The Clinton administration will send to Congress today the centerpiece of its ambitious plan for restoring the Florida Everglades, a proposal for federal and state governments to spend $7.8 billion over 20 years on a giant re-plumbing project that would attempt to mimic natural water flows across South Florida.

With Vice President Gore promoting the plan and congressional Republicans threatening to cut off funding without stronger environmental assurances, the debate over Florida's water is developing into a major campaign-year battle.

The administration plan, designed to mitigate some of the environmental damage done over the last half century by flood control and water projects that have spurred Florida's urban and agricultural growth but cut the size of the Everglades in half, is "the most critical step yet to restore . . . one of America's true treasures," Gore said in a statement.

Developed over several years by more than two dozen federal, state and local agencies led by the Army Corps of Engineers and the Department of Interior, the complex plan would nearly double the amount of fresh water now available in South Florida and ensure that 80 percent of the increase flows to the Everglades--and at the right times of year. Much of the remainder would be available for municipal use in a state whose population is expected to double by the year 2050.

A draft of the plan was unveiled last October to sometimes hostile reviews by environmentalists, the National Park Service and scientists concerned about the degradation of one of the world's largest and most biologically important wetlands.

Since then, the plan has been toughened significantly, with more water earmarked for Everglades National Park, a shorter timetable for completion of many of the five dozen individual engineering projects, and creation of a scientific panel to monitor its success.

In addition, in its letter to Congress accompanying the plan, the Corps of Engineers has declared unequivocally that its "primary and overarching purpose" is to "restore the south Florida ecosystem." To that end, the Corps pledged to work with other federal and state agencies to ensure the plan is carried out.

To Everglades advocates in the environmental community and on Capitol Hill, ensuring that Florida water officials comply with the plan is crucial in a state where politically powerful urban and agricultural interests compete for water with the Everglades.

On Tuesday, for example, the House Appropriations Committee voted to withhold $42.4 million in land acquisition funds for Everglades restoration until the Clinton administration nails down an agreement with Florida specifying adequate water supplies to "ensure a restored ecosystem." The land acquisition program is a separate feature of the administration's overall restoration plan announced in 1996.

Although he has supported Everglades restoration, Florida Gov. Jeb Bush, the Republican brother of Texas Gov. George W. Bush, declined invitations to attend today's Capitol Hill announcement.

The administration's plan must be authorized by Congress in legislation that will be considered next year.

The plan going to Congress grew out of a study commissioned in 1992 of ways to undo the environmental damage caused by the massive Central and South Florida Project, which encompasses about 1,000 miles of canals and levees and 16 major pump stations. The project has fragmented and disrupted natural processes in what was once a massive, slow-moving, shallow lake by diverting billions of gallons of fresh water a year out to sea, and by impeding the southward movement of water. Among the victims are wading birds, whose populations have declined by as much as 90 percent.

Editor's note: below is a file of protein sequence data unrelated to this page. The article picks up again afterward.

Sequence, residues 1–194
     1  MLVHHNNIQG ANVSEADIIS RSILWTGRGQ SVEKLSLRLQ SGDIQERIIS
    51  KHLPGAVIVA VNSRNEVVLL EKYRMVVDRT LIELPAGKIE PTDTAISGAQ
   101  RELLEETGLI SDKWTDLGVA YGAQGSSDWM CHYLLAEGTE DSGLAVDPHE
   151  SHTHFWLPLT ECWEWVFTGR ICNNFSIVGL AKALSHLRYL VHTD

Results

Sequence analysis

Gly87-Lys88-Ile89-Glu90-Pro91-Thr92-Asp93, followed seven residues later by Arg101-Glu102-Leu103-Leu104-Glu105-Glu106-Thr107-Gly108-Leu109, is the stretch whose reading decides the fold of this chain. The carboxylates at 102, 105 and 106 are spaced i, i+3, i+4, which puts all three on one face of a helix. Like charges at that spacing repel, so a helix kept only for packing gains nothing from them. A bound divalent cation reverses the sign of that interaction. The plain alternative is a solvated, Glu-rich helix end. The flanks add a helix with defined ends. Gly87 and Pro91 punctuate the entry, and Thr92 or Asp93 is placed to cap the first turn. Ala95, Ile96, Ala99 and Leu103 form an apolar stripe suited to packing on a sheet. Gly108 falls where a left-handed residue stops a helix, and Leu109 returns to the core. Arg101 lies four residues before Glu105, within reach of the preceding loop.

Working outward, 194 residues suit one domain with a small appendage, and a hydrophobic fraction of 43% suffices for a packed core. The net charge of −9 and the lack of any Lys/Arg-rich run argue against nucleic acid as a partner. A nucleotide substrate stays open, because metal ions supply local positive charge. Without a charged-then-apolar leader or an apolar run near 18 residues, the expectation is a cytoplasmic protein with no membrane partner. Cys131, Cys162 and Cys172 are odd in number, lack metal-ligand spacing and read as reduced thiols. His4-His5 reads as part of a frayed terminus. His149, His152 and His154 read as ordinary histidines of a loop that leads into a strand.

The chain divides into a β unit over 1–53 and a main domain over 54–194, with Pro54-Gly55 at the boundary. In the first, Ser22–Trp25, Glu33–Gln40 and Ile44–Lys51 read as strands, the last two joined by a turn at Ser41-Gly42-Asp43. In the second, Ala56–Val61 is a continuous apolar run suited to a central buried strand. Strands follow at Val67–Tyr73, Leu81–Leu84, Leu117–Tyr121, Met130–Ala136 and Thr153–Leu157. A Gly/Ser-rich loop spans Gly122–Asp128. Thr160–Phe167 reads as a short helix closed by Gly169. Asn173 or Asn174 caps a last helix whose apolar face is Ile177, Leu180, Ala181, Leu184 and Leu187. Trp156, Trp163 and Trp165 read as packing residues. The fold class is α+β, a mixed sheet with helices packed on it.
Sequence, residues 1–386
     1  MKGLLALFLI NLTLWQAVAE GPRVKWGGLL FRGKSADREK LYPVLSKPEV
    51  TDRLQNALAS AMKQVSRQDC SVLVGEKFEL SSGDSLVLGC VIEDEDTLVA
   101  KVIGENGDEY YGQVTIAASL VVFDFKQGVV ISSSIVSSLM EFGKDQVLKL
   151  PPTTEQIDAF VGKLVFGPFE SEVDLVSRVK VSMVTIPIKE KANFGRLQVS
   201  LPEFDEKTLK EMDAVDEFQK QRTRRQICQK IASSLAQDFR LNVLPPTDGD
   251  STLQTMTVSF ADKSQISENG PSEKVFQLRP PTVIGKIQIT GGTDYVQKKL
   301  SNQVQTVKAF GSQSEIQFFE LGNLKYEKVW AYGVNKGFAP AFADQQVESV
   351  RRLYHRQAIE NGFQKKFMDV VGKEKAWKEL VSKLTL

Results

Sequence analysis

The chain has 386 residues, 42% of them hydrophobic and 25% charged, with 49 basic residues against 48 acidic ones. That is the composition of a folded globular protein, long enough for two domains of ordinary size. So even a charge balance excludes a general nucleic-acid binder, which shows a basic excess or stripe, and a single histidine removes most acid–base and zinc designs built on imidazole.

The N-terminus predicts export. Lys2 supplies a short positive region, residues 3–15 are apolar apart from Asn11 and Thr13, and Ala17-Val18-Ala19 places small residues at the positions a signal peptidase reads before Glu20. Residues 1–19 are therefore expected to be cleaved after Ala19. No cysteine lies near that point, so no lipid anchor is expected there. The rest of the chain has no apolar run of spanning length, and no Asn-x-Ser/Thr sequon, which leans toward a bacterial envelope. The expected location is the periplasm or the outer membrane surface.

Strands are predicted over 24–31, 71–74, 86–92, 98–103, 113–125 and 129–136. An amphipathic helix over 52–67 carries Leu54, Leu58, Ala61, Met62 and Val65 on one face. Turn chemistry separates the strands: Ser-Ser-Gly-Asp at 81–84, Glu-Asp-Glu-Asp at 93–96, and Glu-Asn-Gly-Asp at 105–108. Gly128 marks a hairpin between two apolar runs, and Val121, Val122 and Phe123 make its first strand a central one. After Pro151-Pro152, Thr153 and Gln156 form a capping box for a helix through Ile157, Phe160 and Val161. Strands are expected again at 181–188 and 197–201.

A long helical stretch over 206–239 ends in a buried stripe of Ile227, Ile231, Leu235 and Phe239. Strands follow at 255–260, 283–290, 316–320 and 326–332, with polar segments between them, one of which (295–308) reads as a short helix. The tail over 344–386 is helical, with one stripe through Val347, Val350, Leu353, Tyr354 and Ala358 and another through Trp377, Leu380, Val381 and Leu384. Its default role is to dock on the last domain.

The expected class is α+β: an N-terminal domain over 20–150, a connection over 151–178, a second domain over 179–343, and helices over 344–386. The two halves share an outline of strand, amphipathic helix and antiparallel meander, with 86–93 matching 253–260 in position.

The overall goal of the 20-year plan to be jointly funded by Florida and the federal government is to re-create as much of the natural system as possible by adding water, ensuring it flows at the right time, and by dismantling barriers to its southward journey across a project area that covers 18,000 square miles stretching from the Kissimmee River drainage in the Orlando area to Florida Bay.

To reestablish the "sheetflow" of water through the Everglades, 240 miles of canals and levees will be removed, and 20 miles of the Tamiami Trail, the highway that cuts across the heart of the Everglades, will be rebuilt to allow water passage underneath.

To store water so it is available for both the Everglades and Florida's booming metropolitan areas, a network of surface reservoirs and underground storage systems will be built. And to help treat urban and agricultural runoff, some 30,000 acres of man-made wetlands will be created, in addition to the more than 40,000 acres already being built.

Environmentalists are generally enthusiastic. "We think it's a very good plan," said Ron Tipton, a veteran Everglades advocate who serves as director of U.S. eco-region conservation for the World Wildlife Fund. "You're going to have the volume of water you need to deal with the wet-dry cycle of the Everglades."

Tipton and other environmentalists, however, would like to see more agricultural acreage converted to water storage. "Engineering alone won't save the Everglades," said Frank Jackalone, the Sierra Club's representative in Florida.

Staff writer Ceci Connolly contributed to this report.

CAPTION: The image of a white heron is reflected in a canal in the Florida Everglades, subject of a massive environmental restoration plan.